Fly Me to the Moon! How Many Moon Phases Are There?
Gazing up at the Moon is a timeless, awe-inspiring pastime that has linked generations and cultures in universal wonder, perhaps since the dawn of humanity. If your young explorer has yet to point up at that glowing sphere in the night sky and ask you about it, they will. It’s as inevitable as the tide. Here’s some fuel to help them blast off on their quest to get better acquainted with our nearest celestial neighbor.
What Is the Moon?
The Moon is a dust-covered space rock with an otherworldly landscape of mountains and craters that’s roughly one-quarter the size of Earth. In astronomy, it’s known as a natural satellite because it travels around our planet in a squashed circle path called an elliptical orbit. A single orbit takes approximately 27 days to complete. Even though it’s our closest neighbor in the sky, it’s approximately 238,855 miles away. That means if you were able to drive there in a car traveling at freeway speed, the journey would take roughly 3,500 days—nearly 10 years (plus stops for bathroom breaks).
Scientists aren’t exactly sure, but studies suggest a Mars-sized planet crashed into Earth approximately 4.5 billion years ago. This collision threw massive amounts of geological debris into space, and eventually, that mess clumped together to form the Moon.
Even though it’s far away, the Moon plays an important role for every living thing on Earth. It generates tides in the oceans, regulates our climate, and helps stabilize our planet as it turns on its axis. And what about that captivating glow? When you and yours gaze up at that breathtaking lunar gleam, you aren’t looking at light produced by the Moon. You’re seeing sunlight reflected off the Moon’s surface down to us here on Earth. That reflected light travels so fast that it only takes a little more than a second to reach us.
And what about the nights when there appears to be no Moon in the sky? Or only half? What’s happening then? Your curious young stargazer is sure to have noticed these changes, and we’ve got answers to their questions. Buckle up for blastoff! It’s time for them to discover the phases of the Moon.
What Are Moon Phases?
Have you ever noticed how the Moon seems to change shape from day to day? One night, you see a full silvery-white circle. On others, you only see half or a tiny curved sliver of moonlight. Sometimes, you can’t see the Moon at all. What’s going on?
It may seem like an ongoing disappearing-reappearing magic trick, but what you’re actually observing are the fascinating phases of the Moon.
What Causes the Phases of the Moon?
So, why does the Moon take center stage in the sky on some evenings, while on others it appears to have taken the night off? In short, where the Moon is in relation to the Sun and Earth causes this to happen. One half of the Moon is constantly illuminated by light reflected off the Sun, and the other half is completely dark. As the Moon orbits Earth, it appears to grow and shrink depending on how much of the lit half we can see. This cycle lasts approximately 29 days and causes the phenomenon known as the lunar phases or Moon phases.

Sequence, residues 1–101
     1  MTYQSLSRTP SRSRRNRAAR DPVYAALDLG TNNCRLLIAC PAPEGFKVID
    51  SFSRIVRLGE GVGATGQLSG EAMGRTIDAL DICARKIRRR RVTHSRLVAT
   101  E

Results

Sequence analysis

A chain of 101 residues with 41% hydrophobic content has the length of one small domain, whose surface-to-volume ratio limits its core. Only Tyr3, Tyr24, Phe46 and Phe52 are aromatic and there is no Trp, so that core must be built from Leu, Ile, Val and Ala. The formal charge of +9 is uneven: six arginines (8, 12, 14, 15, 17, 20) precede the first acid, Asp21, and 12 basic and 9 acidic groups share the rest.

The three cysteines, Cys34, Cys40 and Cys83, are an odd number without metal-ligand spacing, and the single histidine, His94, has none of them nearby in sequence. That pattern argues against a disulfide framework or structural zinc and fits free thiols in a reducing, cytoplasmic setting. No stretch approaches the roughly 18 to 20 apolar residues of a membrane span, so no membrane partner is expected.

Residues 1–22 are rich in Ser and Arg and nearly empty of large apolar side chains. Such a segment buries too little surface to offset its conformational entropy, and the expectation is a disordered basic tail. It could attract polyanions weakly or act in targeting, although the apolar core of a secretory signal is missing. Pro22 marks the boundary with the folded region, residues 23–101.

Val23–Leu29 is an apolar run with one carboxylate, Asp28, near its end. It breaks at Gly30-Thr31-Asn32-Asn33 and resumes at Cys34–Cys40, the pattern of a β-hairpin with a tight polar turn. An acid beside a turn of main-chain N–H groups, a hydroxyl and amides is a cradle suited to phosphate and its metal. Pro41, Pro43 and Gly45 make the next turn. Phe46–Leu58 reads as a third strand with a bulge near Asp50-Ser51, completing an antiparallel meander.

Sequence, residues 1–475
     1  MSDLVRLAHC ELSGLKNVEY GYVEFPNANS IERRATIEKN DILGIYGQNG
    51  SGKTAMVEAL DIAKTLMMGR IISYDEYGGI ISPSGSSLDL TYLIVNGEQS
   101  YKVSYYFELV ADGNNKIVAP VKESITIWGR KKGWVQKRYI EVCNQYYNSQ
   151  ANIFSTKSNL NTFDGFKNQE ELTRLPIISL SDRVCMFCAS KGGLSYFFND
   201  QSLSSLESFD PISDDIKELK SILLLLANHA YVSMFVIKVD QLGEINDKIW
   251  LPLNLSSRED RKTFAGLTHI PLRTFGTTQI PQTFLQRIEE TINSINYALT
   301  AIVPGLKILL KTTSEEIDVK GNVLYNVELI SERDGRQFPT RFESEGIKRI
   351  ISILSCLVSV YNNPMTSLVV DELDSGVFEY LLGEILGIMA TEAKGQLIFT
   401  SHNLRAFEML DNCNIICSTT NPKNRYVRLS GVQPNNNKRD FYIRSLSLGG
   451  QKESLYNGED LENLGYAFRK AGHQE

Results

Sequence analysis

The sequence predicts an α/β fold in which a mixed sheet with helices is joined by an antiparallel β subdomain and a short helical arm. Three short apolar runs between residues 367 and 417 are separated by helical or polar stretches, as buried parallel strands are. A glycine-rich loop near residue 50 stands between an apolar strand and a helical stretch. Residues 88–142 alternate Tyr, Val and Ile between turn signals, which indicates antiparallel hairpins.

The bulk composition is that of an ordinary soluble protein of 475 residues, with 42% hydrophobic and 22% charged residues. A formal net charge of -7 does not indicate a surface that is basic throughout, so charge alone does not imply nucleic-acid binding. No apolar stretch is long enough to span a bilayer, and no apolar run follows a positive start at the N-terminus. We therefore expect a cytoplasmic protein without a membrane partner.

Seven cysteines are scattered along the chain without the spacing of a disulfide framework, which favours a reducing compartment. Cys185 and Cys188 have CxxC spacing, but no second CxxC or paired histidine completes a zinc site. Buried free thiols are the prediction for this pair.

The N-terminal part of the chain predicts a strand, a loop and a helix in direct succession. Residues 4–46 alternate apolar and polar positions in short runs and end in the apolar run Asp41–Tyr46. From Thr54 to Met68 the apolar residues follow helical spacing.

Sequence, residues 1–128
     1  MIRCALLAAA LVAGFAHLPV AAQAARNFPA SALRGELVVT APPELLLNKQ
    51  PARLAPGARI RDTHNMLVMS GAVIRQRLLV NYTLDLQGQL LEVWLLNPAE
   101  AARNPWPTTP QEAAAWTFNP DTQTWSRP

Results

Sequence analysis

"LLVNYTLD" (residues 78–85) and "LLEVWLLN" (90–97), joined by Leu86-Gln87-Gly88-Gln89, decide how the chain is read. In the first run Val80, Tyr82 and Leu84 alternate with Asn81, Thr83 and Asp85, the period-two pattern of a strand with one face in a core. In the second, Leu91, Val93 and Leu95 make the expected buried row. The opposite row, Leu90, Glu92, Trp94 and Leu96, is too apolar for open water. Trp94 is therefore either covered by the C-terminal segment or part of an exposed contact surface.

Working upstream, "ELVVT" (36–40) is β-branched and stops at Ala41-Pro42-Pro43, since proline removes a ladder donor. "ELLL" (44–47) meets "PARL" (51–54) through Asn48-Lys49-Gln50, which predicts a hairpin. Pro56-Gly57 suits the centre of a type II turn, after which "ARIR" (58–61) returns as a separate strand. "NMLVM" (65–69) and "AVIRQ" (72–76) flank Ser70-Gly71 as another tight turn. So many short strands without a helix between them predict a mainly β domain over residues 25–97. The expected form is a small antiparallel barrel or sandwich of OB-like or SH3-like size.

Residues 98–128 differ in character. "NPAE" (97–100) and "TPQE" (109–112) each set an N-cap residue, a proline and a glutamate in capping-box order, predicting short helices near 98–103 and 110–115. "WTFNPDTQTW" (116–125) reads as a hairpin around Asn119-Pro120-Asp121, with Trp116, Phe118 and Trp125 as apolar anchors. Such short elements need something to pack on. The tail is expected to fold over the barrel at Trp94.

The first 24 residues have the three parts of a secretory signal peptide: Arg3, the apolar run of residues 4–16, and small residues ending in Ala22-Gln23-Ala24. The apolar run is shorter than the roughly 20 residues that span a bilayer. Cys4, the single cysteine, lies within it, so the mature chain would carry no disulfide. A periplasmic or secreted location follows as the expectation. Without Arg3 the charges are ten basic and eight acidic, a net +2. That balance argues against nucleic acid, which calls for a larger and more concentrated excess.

Wondering how many Moon phases there are? Well, wonder no more. As the Moon orbits Earth, it goes through a total of eight phases. Each has a name that describes whether the lit-up surface we can see is growing (“waxing”) or shrinking (“waning”). Completing all eight phases means the Moon has gone through one full lunar cycle.
Here are the Moon phases in order:
- New Moon: When the Moon sits between Earth and the Sun, it reflects the light away from our planet, so it appears completely dark from our perspective.
- Waxing crescent: During this phase, the first curved edge of the Moon slowly grows larger from one night to the next.
- First quarter: The Moon’s surface appears to be divided into two halves, one shining brightly and the other shadowed. Also called the half Moon, the first quarter occurs when the Moon has completed one-quarter of its trip around Earth.
- Waxing gibbous: At this stage, more than one-half of the Moon is illuminated and continues to grow nightly.
- Full Moon: The Moon is directly opposite the Sun and has reached the halfway point of its trip around Earth, allowing us to see its entire surface reflecting sunlight.
- Waning gibbous: The Moon’s surface area facing the Sun is shrinking as it begins to complete its orbit.
- Third quarter: At this point, the Moon has completed three-quarters of its orbit. Looking up at the night sky, you’ll see a mirror image of the first quarter Moon.
- Waning crescent: During this phase, the Moon shrinks into what appears to be a slim, curved sliver as it travels the last quarter of its trip around Earth.
Your location on the globe determines which part of the Moon the Sun illuminates. For those living in the Southern Hemisphere, the Moon’s left side will light up during the first quarter phase. Those living in the Northern Hemisphere will see the right side instead. On nights of the third quarter Moon, you’ll see the opposite side of the Moon lit up. It’s all a matter of perspective.
Your space explorer’s next question will probably be, “How long does each Moon phase last?” Each intermediate phase (for example, the new Moon to the first quarter Moon) takes approximately seven days. The full Moon and the new Moon appear in the sky for three nights each.